The Fly12 is designed to last the duration of your entire ride. That in itself makes it (nearly?) unique. Given that its primary duty is to provide good (rather than great) quality to record safety incidents over the entire ride, it's pretty much the only camera that qualifies for many cyclist's rides (assuming you do 2-5hrs rides). I agree that if you only do a 30minute commute other camera's will likely last long enough and be cheaper.  

And for the record, no, I don't own one, can't quite afford the price at this point and would prefer a slightly smaller, lighter one without a light. However, I appreciate they need to focus on where the majority of the market - it appears to be a very good device. 

I would agree with that on battery life, but that does highlight it's appeal to a particular part of the market. I started using cameras for commuting, never really felt the need for the Sunday ride. I get two hours life on my current front camera, which is more than enough and I attach a power bank on longer rides. 

Genuinly curious what he saw as "serious limitations", as if there were many. I'm sure they've done their research, but...  they're all cameras, I'm not sure I can see what's that different about this camera to any others I've used. Looped recording, waterproof cases etc, are all very common. It does look nice.

The commuting market is where I suspect the majority of users are, but possibly not the early adopters. It's certainly where I would appreciate the convenience more. If I'm going to be on the bike for four hours plus, adding multiple devices doesn't bother me at all. It's the local errands and running to the shops where I want the simple device I can take on and off quickly.  The idea of leaving a small gadget worth £250 on the bike because it's got a bluetooth alarm that will alert me.... no, just no 

So, is the mass market really still people who use their bikes mainly for five hour rides and only stop for cake?

 

Avatar
gonedownhill [146 posts] 11 months ago
0 likes

Is it possible to turn the light down to a lower output? I have a 400 lumen front light and feel it is a bit overkill riding around my city, so usually turn it down to about half that and can still see it reflecting off signs 30m away even with it angled down.

 

This review would really have benefitted from some videos.

Avatar
Paul_C [496 posts] 11 months ago
1 like
Plasterer's Radio wrote:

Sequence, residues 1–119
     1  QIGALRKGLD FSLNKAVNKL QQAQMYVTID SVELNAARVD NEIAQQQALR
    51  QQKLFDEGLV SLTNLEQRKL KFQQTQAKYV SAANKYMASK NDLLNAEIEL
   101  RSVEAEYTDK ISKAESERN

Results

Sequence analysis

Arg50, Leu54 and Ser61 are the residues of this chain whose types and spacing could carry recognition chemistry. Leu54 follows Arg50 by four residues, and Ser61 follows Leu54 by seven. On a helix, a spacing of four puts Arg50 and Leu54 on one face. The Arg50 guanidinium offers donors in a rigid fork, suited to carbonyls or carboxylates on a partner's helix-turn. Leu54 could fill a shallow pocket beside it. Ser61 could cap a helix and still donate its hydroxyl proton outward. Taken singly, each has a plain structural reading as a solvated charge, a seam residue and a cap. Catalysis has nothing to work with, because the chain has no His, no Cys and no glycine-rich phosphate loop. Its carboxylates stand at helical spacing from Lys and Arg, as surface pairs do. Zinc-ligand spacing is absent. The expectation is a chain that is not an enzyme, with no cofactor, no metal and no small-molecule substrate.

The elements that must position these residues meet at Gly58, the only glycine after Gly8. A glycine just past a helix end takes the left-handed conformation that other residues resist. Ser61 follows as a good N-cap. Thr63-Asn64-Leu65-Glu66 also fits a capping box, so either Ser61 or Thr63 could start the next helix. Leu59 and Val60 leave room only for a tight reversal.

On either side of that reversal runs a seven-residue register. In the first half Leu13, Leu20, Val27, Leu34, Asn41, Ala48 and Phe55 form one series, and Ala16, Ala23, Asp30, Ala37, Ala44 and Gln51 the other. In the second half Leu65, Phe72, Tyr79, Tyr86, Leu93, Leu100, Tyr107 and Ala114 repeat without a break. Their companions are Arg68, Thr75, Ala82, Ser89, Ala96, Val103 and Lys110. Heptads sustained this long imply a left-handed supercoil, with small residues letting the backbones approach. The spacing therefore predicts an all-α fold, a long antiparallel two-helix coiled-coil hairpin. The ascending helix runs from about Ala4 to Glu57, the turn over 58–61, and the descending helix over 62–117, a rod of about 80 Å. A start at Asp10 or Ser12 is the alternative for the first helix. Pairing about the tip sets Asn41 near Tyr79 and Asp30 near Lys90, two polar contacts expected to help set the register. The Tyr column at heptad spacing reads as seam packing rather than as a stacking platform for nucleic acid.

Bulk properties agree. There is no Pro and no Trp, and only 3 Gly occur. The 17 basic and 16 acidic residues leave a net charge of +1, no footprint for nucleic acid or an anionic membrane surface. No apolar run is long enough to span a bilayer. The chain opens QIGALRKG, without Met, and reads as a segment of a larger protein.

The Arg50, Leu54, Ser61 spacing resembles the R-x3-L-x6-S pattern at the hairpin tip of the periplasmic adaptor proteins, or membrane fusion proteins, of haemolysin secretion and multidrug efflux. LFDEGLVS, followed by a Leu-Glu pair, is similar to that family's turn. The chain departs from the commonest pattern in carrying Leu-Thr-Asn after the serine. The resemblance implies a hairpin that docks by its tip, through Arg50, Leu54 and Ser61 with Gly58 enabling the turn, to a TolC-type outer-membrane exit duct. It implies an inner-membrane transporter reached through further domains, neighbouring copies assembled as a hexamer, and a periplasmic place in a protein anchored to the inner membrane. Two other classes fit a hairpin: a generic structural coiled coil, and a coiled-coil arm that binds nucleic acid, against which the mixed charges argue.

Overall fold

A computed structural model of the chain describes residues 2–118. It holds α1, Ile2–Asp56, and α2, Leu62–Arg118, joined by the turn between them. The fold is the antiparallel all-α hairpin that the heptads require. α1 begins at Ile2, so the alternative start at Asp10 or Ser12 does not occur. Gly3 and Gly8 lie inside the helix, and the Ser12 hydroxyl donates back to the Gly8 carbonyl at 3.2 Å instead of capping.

Yes, you do need to angle the light down to prevent dazzle etc. The wide angle of the camera easily covers the road ahead in this position.

or they could have done what they do on the continent and have a lighting standard that insists on no dazzle which is achieved by beam shaping and a horizontal cutoff like a dipped beam...

Angling this one down does not prevent dazzle... the point source is too intrisically bright, not spread out over a large area...

Avatar
bikebot [2120 posts] 11 months ago
1 like
Paul_C wrote:
Plasterer's Radio wrote:

Yes, you do need to angle the light down to prevent dazzle etc. The wide angle of the camera easily covers the road ahead in this position.

or they could have done what they do on the continent and have a lighting standard that insists on no dazzle which is achieved by beam shaping and a horizontal cutoff like a dipped beam... Angling this one down does not prevent dazzle... the point source is too intrisically bright, not spread out over a large area...

That is my other reservation.  I feel a light "to be seen by" would have been a better choice for an integrated device, rather than more commuters with dick lights pointing at the horizon. I'm becoming quite fussy about beam shape, those Germans were onto something,

Avatar
Plasterer's Radio [289 posts] 11 months ago
1 like
gonedownhill wrote:

Is it possible to turn the light down to a lower output? I have a 400 lumen front light and feel it is a bit overkill riding around my city, so usually turn it down to about half that and can still see it reflecting off signs 30m away even with it angled down.

 

This review would really have benefitted from some videos.

 

Yes. It has 3 modes (plus off) for lighting. ON, flash & a diff flash. All 3 can be full, med or low.

I'd estimate they are 400lm, 200lm and 100lm.

I use the low one for normal use. It's enough to be seen by.

Avatar
Plasterer's Radio [289 posts] 11 months ago
0 likes
bikebot wrote:
Paul_C wrote:
Plasterer's Radio wrote:

Yes, you do need to angle the light down to prevent dazzle etc. The wide angle of the camera easily covers the road ahead in this position.

or they could have done what they do on the continent and have a lighting standard that insists on no dazzle which is achieved by beam shaping and a horizontal cutoff like a dipped beam... Angling this one down does not prevent dazzle... the point source is too intrisically bright, not spread out over a large area...

That is my other reservation.  I feel a light "to be seen by" would have been a better choice for an integrated device, rather than more commuters with dick lights pointing at the horizon. I'm becoming quite fussy about beam shape, those Germans were onto something,

Moan moan moan.

Avatar
bikebot [2120 posts] 11 months ago
1 like
Plasterer's Radio wrote:

Moan moan moan.

 

Well that was constructive.